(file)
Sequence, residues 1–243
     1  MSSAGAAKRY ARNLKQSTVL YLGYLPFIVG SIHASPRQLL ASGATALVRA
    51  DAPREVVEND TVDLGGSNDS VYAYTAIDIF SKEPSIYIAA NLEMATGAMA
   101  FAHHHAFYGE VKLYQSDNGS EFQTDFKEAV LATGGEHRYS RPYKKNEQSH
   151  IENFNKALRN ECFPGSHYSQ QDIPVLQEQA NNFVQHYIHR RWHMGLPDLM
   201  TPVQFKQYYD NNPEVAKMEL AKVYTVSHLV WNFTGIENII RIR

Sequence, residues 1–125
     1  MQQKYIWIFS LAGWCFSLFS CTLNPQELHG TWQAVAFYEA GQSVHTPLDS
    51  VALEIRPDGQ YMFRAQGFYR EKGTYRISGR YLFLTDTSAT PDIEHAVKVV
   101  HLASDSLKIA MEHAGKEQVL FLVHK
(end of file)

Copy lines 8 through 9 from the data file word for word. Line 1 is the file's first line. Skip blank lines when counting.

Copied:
     1  MQQKYIWIFS LAGWCFSLFS CTLNPQELHG TWQAVAFYEA GQSVHTPLDS
    51  VALEIRPDGQ YMFRAQGFYR EKGTYRISGR YLFLTDTSAT PDIEHAVKVV